Crime Magazine is about true crime: organized crime, celebrity crime, serial killers, corruption, sex crimes, capital punishment, prisons, assassinations, justice issues, crime books, crime films and crime studies.
Nov. 11. 2006 Updated March 12, 2007
Members of the Warren Commission present their report on the assassination of President John F. Kennedy. L-R: John McCloy, J. Lee Rankin (General Counsel), Senator Richard Russell, Representative Gerald Ford, Chief Justice Earl Warren, President Lyndon B. Johnson, Allen Dulles, Senator John Sherman Cooper, and Representative Hale Boggs. Credit: LBJ Library photo by Cecil Stoughton
Warren Commission member Congressman Gerald Ford pressed the panel to change its description of the bullet wound in President Kennedy's back and place it higher to make "the magic bullet" theory plausible, enabling the Warren Commission to conclude that Lee Harvey Oswald was the lone gunman. Ford was J. Edgar Hoover's informant on the commission and did the FBI director's bidding to squelch the investigation from naming other assassins. When a Dallas County deputy constable heard shots coming from the nearby grassy knoll, he rushed there to find veteran CIA asset Bernard Barker, posing as a Secret Service agent. No Secret Service agents had been assigned to cover the grassy knoll and all accompanied President Kennedy to the hospital.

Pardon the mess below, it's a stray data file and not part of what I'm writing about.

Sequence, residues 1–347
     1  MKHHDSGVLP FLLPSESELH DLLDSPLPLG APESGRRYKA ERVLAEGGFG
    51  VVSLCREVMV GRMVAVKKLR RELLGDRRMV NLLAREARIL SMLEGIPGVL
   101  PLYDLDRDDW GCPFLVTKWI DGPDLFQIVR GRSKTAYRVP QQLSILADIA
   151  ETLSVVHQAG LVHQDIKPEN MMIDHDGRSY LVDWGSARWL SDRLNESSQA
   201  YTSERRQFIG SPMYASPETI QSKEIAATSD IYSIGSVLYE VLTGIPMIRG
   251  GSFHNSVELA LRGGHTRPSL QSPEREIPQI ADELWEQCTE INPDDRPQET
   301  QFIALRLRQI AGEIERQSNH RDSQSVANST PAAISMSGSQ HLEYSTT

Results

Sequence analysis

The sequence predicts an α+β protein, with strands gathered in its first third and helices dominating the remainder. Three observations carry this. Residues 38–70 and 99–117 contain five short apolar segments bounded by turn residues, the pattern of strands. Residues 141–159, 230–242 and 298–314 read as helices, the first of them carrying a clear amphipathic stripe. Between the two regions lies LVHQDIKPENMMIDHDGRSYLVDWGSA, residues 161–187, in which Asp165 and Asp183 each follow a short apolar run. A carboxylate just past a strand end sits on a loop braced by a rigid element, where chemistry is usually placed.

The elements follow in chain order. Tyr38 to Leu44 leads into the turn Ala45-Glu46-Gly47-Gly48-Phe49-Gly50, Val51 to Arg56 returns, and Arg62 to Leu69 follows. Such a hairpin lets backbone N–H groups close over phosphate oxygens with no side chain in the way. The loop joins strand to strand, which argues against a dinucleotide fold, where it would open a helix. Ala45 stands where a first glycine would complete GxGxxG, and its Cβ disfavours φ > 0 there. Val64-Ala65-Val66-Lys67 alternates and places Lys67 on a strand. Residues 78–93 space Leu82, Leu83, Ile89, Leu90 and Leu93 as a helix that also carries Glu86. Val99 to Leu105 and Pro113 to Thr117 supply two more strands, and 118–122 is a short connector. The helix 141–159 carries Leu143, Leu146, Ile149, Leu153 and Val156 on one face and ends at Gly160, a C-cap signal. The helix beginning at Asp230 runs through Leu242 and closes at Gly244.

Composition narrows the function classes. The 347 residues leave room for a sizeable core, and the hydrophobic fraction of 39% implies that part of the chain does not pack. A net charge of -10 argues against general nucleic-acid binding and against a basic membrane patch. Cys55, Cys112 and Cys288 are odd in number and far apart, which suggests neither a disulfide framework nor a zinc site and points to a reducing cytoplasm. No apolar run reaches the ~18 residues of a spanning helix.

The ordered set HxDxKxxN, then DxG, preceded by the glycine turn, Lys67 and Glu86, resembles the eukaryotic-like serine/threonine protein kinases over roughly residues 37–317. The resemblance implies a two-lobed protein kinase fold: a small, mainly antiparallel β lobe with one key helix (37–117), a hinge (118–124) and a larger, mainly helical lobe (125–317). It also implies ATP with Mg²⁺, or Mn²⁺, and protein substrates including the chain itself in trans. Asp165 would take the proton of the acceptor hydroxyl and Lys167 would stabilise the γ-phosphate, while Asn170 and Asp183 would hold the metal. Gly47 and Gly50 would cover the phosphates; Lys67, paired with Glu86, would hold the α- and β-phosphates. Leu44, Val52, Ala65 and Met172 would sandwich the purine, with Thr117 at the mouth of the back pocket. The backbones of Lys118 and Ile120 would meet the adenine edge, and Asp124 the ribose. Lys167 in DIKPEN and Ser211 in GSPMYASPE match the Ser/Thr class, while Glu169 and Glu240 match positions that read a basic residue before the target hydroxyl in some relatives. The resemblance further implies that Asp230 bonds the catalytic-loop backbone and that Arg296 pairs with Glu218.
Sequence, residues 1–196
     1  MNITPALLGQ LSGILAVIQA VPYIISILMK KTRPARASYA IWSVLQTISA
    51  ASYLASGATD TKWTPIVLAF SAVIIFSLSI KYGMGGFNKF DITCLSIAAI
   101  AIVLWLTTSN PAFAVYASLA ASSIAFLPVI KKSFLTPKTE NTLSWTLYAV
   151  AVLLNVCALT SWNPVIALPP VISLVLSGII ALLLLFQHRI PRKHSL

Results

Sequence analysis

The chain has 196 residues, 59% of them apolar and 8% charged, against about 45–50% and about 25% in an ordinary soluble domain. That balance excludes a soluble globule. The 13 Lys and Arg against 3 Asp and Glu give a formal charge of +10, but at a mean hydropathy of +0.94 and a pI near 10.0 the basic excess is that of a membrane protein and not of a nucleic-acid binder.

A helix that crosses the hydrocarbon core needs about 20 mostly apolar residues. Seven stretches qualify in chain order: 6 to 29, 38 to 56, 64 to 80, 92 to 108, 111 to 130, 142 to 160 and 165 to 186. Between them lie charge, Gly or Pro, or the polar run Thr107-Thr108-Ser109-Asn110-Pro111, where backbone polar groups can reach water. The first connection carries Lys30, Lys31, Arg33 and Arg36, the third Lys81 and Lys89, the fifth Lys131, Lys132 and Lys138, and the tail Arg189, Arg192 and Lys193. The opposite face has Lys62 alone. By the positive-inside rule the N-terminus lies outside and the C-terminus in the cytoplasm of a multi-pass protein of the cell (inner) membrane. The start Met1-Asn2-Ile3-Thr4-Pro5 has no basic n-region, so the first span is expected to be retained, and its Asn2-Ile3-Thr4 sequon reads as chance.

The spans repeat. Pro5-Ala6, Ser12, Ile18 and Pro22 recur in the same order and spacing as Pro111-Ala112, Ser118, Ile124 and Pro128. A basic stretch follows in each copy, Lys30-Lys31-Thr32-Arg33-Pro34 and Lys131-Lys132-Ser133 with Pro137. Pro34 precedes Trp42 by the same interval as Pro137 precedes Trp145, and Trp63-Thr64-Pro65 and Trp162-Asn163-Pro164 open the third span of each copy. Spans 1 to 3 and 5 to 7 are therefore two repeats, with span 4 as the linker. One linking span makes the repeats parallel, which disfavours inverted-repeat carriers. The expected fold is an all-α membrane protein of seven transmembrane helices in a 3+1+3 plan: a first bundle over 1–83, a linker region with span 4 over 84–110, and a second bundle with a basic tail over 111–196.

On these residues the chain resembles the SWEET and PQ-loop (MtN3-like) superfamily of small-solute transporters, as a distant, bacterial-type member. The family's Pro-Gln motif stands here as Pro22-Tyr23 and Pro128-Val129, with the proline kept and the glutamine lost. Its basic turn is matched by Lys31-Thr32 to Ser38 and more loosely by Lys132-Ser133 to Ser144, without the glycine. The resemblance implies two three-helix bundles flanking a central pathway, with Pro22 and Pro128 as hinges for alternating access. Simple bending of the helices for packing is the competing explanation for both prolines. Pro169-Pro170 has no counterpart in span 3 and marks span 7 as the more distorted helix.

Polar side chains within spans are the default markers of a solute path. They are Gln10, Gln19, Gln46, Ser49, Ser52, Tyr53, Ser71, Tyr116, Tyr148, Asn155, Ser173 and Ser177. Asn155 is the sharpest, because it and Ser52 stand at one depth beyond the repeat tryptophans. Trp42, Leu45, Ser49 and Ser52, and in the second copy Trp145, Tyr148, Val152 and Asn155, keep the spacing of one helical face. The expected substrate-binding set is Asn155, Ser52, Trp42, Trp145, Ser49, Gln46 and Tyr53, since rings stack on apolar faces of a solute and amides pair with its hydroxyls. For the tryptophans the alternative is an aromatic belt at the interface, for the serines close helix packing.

by Don Fulsom
At approximately 12:30 p.m. on Nov. 22 1963, in Dallas's downtown Dealey Plaza, a large and friendly crowd lined the street, cheering and waving excitedly at the approaching presidential motorcade. Riding in the third car – an oversized Lincoln with its Plexiglas "bubble" top removed – were President John F. Kennedy and his wife, Jackie, and Texas Gov. John Connally and his wife, Nellie. As the limousine carrying the Connallys and the Kennedys wound its way through the hospitable crowds, Nellie Connally turned to President Kennedy, who was seated behind her, and said, "Mr. President, you can't say Dallas doesn't love you." Then the shots rang out.
Today, more than four decades later, the details on specifically how and by whom President Kennedy was assassinated are still open to question.
According to the report of the Warren Commission, released in September 1964 after a full year investigation, one single shooter – Lee Harvey Oswald – killed Kennedy and wounded Gov. Connally by firing three bullets from the sixth floor of the Texas School Book Depository.